On my first day in Kurdistan, everything looked so unique, so fresh, through my eyes. I could see the changes in the culture, music, language and clothing. Kurdistan is a roughly defined geo-cultural historical region divided into four areas: Turkey (Northern Kurdistan), Syria (Western Kurdistan), Iraq (Southern Kurdistan) and Iran (Eastern Kurdistan). Mountains are important geographical and symbolic features, they even have a saying that “Kurds have no friends but the mountains.” But I beg to differ, they at least have a new friend in me.
From my perspective as a solo woman traveling by bicycle, the Kurds demonstrated nothing but kindheartedness. The first Kurd I met was a shepherd with more than 100 sheep who passed by at dusk as I was searching for a place to camp. I waved at him initially, but he scurried away, pushing his flock downhill. It was still light when he came back on a motorbike with a five-liter tank of water and a loaf of homemade bread for me. We only could communicate with each other using hand signs, but it was enough to sit together and share some of the pasta I’d made for dinner. That meal marked the beginning of a month of family dinners, each and every night. I even went to a Kurdish wedding where I learned a strange new dance, just moving the shoulders. I also helped a family pick strawberries and tasted some wonderful vegetables and local honey.
The Kurdish people were surprised to see a woman on a bike, especially in the Uraman Valley near Iraq. I admit I felt a looming fear of the nearby military base, but I heard nothing but “Come on!” from passersby and saw only heartfelt smiles. With 400 metres of ascent remaining on a big climb, I decided I was close enough to the top to enjoy a rest with a view of the range that divided the two countries. I’d just sat down on the ground next to my bike when a long queue of young guys carrying big orange sacks on their backs came walking by. For decades, the Iraq-Iran border has served as a smuggling route, mainly to transport illegal goods, like cigarettes, to Iran. For a few dollars a day, they risk their lives sliding down the slopes of the mountains, but there is little else they can do for work there.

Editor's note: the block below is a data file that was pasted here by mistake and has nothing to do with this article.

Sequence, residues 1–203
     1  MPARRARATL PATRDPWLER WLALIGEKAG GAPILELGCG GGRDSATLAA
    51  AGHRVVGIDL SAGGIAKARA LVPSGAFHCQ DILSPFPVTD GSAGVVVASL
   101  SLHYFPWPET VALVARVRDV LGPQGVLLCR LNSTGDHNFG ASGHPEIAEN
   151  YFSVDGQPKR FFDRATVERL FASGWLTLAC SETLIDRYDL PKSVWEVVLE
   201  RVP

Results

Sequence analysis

A short while later near a market, I stopped again after receiving an invitation for tea. Some taxi drivers told me stories of being regularly shot at by border guards on top of nearby passes. There’s actually a well-known saying among them: “Border or Center.” It means if they do not smuggle, they must leave their families for low-ranking jobs in the city.
The Iranians and Kurdish alike are deeply passionate about respecting their traditions and being close to their families. Passing through the Zagros mountains on a winding road, I saw dramatic cliffs, waterfalls, rivers, and incredible stair-stepped villages like Avihang. Experiencing Iranian Kurdistan by bicycle was a dream come true. I was welcomed everywhere I went. Tea always made for a perfect excuse to be invited into a new house, always with different families, but the same generosity. Getting out of the more travelled parts of Iran was by far the best decision I made on my trip, not only for the Kurdish landscapes, but because of their hospitality and the unique sense of calm I felt while cycling through this relatively unknown part of the world.
About Ana Zamorano
Ana Zamorano is a photographer, filmmaker, and designer based in the Basque country. She has travelled extensively through South America, Central Asia, Africa, and beyond, shooting portraits and documenting life along the way. Find more of her work on Instagram @remoteana or by visiting her website.